What Is ANOVA? Understanding the Fundamentals of ANOVA

Data collection, organization, analysis, interpretation, and presentation are all part of statistics, a branch of mathematics. As an interdisciplinary field, statistics have several concepts that have found practical applications. Analysis of Variance, also known as ANOVA, is one such concept that will be discussed in this article.

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What Is Analysis of Variance (ANOVA)?

ANOVA is to test for differences among the means of the population by examining the amount of variation within each sample, relative to the amount of variation between the samples.  Analyzing variance tests the hypothesis that the means of two or more populations are equal.

In a regression study, analysts use the ANOVA test to determine the impact of independent variables on the dependent variable.

When Might You Use ANOVA?

As an analyst, you might use Analysis of Variance (ANOVA) to test a particular hypothesis. You'd use ANOVA to figure out how your various groups react, with the null hypothesis being that the means of the various groups are equal. If the difference between the two populations is statistically significant, then the two populations are unequal.

Now that we have understood what ANOVA is, let’s understand some important terms related to ANOVA.

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  • Means (Grand and Sample)

A sample mean is the average value for a group, whereas the grand mean is the average of sample means from various groups or the mean of all observations combined.

  • F-Statistics

F-statistic or F-ratio is a statistical measure that tells us about the extent of difference between the means of different samples. Lower the F-ratio, closer are the sample means.

  • Sum of Squares

The sum of squares is a technique used in regression analysis to determine the dispersion of data points. It is used in the ANOVA test to compute the value of F.

  • Mean Squared Error (MSE)

The Mean Squared Error gives us the average error in the data set.

  • Hypothesis

In ANOVA, we have Null Hypothesis and an Alternative Hypothesis. The Null hypothesis is valid when all the sample means are equal, or they don’t have any major difference.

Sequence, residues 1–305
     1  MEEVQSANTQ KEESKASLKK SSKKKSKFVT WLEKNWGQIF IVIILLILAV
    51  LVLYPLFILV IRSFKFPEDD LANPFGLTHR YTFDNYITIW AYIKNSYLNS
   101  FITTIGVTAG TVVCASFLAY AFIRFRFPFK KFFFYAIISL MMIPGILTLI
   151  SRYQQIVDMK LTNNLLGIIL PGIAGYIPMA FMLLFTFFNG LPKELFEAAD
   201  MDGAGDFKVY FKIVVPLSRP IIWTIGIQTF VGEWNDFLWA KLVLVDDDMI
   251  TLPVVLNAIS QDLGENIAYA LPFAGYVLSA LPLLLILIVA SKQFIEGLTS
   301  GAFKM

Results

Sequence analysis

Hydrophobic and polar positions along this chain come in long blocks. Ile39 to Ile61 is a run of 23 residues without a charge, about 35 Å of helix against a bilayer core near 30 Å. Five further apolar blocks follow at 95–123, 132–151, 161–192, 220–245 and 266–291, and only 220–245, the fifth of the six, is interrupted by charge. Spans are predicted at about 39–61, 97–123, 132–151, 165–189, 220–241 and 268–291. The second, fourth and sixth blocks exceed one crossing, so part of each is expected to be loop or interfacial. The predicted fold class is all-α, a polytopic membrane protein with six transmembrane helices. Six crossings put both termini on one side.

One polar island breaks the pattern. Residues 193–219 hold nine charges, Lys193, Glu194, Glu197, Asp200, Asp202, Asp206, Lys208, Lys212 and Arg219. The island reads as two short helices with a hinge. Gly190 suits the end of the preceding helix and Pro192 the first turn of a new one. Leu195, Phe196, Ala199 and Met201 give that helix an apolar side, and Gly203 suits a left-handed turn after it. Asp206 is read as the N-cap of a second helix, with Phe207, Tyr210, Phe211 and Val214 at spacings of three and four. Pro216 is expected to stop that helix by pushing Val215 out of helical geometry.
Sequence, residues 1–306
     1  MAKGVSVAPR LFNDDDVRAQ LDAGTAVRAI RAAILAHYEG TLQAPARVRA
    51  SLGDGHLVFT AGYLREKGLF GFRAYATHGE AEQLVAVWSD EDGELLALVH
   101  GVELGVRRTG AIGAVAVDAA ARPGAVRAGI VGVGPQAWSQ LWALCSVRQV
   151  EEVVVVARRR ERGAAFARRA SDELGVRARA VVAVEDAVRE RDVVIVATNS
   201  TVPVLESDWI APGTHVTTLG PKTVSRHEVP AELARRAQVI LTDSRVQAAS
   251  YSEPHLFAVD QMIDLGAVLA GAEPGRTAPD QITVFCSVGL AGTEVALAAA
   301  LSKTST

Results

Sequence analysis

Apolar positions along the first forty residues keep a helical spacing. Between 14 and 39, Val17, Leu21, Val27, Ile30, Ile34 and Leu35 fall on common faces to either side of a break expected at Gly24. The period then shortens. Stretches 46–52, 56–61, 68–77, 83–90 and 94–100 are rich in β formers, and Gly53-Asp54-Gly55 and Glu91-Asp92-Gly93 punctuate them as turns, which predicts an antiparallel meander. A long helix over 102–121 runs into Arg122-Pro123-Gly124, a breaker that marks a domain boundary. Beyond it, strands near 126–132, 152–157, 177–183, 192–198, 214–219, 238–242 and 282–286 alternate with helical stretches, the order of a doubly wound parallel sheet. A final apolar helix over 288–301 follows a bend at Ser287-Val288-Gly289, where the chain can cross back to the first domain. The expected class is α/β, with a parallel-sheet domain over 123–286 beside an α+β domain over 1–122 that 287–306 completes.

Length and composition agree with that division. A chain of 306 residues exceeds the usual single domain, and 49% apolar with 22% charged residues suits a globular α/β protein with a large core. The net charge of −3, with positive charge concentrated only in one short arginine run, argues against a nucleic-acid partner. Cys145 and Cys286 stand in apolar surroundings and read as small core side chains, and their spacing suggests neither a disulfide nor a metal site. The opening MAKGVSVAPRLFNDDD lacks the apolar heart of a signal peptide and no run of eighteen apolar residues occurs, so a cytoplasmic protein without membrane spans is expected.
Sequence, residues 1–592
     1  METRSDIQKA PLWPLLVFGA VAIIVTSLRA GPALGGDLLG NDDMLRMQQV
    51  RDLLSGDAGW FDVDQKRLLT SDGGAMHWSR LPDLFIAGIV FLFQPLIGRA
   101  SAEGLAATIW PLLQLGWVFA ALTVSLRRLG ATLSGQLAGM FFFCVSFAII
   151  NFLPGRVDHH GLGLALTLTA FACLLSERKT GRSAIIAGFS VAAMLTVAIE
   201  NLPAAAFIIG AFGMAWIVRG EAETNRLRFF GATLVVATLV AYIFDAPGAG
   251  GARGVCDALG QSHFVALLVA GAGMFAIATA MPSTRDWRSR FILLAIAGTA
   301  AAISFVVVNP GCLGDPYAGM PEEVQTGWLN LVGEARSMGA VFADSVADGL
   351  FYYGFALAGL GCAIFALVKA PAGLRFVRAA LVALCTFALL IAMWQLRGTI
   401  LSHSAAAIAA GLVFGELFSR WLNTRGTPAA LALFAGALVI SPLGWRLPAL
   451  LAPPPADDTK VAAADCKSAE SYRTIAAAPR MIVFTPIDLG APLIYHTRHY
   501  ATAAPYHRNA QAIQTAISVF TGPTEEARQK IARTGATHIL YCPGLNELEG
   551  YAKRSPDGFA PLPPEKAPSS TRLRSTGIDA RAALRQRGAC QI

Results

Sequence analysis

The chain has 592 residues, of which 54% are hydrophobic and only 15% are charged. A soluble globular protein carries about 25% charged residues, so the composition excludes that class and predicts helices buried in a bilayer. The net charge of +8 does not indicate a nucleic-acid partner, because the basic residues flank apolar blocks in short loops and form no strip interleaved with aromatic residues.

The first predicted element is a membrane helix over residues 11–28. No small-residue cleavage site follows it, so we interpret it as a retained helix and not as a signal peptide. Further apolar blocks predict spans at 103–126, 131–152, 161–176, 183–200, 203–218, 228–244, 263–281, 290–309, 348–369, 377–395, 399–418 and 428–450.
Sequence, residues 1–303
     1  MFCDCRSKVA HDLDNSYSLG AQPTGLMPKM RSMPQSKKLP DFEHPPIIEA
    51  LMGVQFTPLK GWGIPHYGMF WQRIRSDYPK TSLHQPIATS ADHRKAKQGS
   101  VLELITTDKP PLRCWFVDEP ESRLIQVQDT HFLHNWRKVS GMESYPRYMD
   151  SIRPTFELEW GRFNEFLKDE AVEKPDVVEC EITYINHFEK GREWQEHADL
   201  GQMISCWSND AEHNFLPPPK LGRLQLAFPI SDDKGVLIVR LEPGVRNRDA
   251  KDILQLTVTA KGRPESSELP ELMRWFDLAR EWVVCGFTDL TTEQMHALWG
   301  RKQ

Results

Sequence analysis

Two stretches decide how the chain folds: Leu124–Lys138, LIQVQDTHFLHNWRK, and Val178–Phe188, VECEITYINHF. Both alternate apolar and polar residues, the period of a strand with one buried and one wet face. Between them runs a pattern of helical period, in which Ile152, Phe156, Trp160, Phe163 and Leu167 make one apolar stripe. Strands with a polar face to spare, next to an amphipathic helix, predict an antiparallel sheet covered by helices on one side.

The Alternate Hypothesis is valid when at least one of the sample means is different from the other.

  • Group Variability

In ANOVA, a group is a set of samples within the independent variable.

  • Between-group variability occurs when there is a significant variation in the sample distributions of individual groups.
  • Within-group variability occurs when there are variations in the sample distribution within a single group. 

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The most common method of performing an ANOVA test is one-way ANOVA. The one-way ANOVA means that the analysis of variance has one independent variable. 

You can use the one-way ANOVA to see if there are any significant differences between the means of your independent variables. When you know how each independent variable's mean differs from the others, you can figure out which of them is linked to your dependent variable and start to figure out what's driving that behaviour.

The two-way analysis of variance is a variation of the one-way analysis. There are two independent variables in this equation (hence the name two-way). Factors are the two independent variables in a two-way ANOVA. The concept is that the dependent variable is influenced by two variables, or factors.

Now that you know the basic concepts of ANOVA, let’s see how you can perform One-way ANOVA in Excel

Data Analysis Toolpak in Excel

In Excel, to start analyzing the data, you have to activate the add-in named Data Analysis Toolpak. 

Here are the steps to turn on the Excel add-in:

Step 1: Choose Files > Options 

Step 2: In option window, select Add-ins

Step 3: Next to Manage, select Excel Add-ins, then click Go.

Step 4: In the Add-ins window, select Analysis Toolpak, and then click Go.


Example of One-Way ANOVA in Excel

Let’s consider a problem statement. 

Suppose you are a research scientist and you want to perform clinical trials to study the effectiveness of three drugs developed by three healthcare companies to cure a certain disease.


The data below represents the time taken to cure the disease for different patients when they consume either Drug A, B, or C. The time is represented in terms of total hours and minutes.


At the 0.05 level of significance (alpha value), we need to test whether the mean time for the three drugs to cure the disease are equal (H0).

1. Click Data Tab, then Data Analysis.


2. Select ANOVA: Single Factor.


3. In the Input Range, enter the range of cells containing the data. Click OK.


You have your ANOVA table ready.


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Summary of the ANOVA

  • The average time taken to cure the disease after consumption of the three drugs are approximately 107, 90 and 97 hours.
  • The difference between the largest and smallest mean is 17.47.
  • We can see that the F value > F-critical value. So, we can reject the null hypothesis. This means that the average time taken to cure the disease is not the same for all the three drugs. 
  • Using paired comparisons, we can conclude the time taken by the three drugs as follows: Time(Drug A) > Time(Drug C) > Time(Drug B). 
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It is recommended that you take a variety of problem statements and solve them using Analysis of Variance and the techniques discussed in this tutorial. 

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If you have any questions or queries relating to this tutorial ‘What is ANOVA’, do share them in the comment section. Our subject matter experts will acknowledge and respond to your queries. Happy learning!

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